Evidence for Establishing Connection Between Insiders

Author: thinkinglegal | July 1, 2020 - 19:19 | Tags: Regulatory Advisory

Securities Exchange Board of India (“SEBI”) vide order dated May 29, 2020 decided on the liability of Mr. Sanjay Tayal, his brother Mr. Navin Tayal, his wife Ms. Jyoti Tayal, Ms. Jyoti’s brother Mr. Rohit Gupta, M/s Advik Textiles and Realpro Pvt. Ltd. (“Advik Textiles”) and the Directors of Advik Textiles in respect of insider trading in the scrips of Bank of Rajasthan (“BoR”).

Facts: On May 07, 2010, discussions began over a proposed merger of BoR with ICICI Bank. On May 18, 2010 this information was communicated to the exchange at 5.12 pm by one of the directors of BoR, Mr. Sanjay Tayal. Mr. Rohit Gupta traded in the scrips of BoR between May 17, 2010 and May 18, 2010. He allegedly made gains amounting to Rs. 95,77,614.

Findings: It was held that the information communicated qualified as Unpublished Price Sensitive Information (“UPSI”) and the UPSI period was from May 07, 2010 to May 18, 2010. It was further observed that Rohit cannot be deemed to be a connected person as “wife’s brother” does not qualify as a “relative” in terms of the applicable law. However, Rohit was considered as an “insider” since he “has received or has had access to such UPSI”. In order to establish that Rohit was an “insider”, the evidence taken into account was the relationship Rohit shared with Sanjay, Jyoti and Navin. Rohit’s company and BoR were located at the same address, further corroborating the connection of Rohit with BoR. Further, the trading activities of Rohit showed that he did not trade in shares on regular basis and never traded in the shares of BoR. SEBI ordered and imposed a joint monetary penalty of Rs. 3,00,00,000 on all the noticees (except Sanjay who passed away in 2018) along with disgorgement of the gains made by Rohit.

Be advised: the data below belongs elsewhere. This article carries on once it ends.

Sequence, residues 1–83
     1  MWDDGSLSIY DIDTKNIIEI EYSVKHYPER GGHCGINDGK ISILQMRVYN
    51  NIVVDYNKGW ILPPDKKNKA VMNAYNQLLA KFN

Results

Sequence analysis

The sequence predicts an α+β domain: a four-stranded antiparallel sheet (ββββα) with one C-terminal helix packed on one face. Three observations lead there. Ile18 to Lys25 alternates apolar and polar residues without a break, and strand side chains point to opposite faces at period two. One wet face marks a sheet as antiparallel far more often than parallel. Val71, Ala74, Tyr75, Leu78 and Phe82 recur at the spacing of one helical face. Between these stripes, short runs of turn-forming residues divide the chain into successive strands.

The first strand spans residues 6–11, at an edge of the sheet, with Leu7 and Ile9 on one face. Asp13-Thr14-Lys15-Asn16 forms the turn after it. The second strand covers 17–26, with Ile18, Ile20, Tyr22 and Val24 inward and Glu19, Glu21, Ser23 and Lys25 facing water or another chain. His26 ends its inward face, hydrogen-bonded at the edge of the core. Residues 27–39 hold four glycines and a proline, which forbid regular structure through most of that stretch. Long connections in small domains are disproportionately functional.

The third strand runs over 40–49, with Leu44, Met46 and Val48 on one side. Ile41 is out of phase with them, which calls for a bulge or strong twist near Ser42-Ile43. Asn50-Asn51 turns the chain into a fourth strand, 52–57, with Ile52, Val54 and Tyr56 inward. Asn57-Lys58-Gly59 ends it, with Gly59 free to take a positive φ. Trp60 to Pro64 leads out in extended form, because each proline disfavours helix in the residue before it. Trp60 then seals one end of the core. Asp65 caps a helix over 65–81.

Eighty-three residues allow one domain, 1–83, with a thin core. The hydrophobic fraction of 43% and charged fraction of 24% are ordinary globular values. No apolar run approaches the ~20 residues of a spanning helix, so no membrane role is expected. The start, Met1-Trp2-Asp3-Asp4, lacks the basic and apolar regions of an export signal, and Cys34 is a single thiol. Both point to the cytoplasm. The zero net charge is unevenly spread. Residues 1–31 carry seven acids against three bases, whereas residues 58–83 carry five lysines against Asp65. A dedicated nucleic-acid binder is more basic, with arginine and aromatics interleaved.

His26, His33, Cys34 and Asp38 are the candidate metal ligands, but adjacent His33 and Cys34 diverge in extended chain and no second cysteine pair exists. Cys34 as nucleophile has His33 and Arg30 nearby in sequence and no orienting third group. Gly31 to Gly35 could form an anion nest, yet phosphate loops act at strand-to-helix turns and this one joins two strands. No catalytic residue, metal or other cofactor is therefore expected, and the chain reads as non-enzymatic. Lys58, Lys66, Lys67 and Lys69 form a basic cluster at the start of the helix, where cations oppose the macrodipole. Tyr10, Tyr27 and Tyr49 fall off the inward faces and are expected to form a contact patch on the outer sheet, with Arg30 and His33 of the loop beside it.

TL Take: This case provides an illustration of the circumstantial evidences that SEBI considers while establishing a connection between the tipper and the tippee.

This post has been contributed by Ms. Vaneesa Agarwal and Ms. Sanyukta Srivastav.

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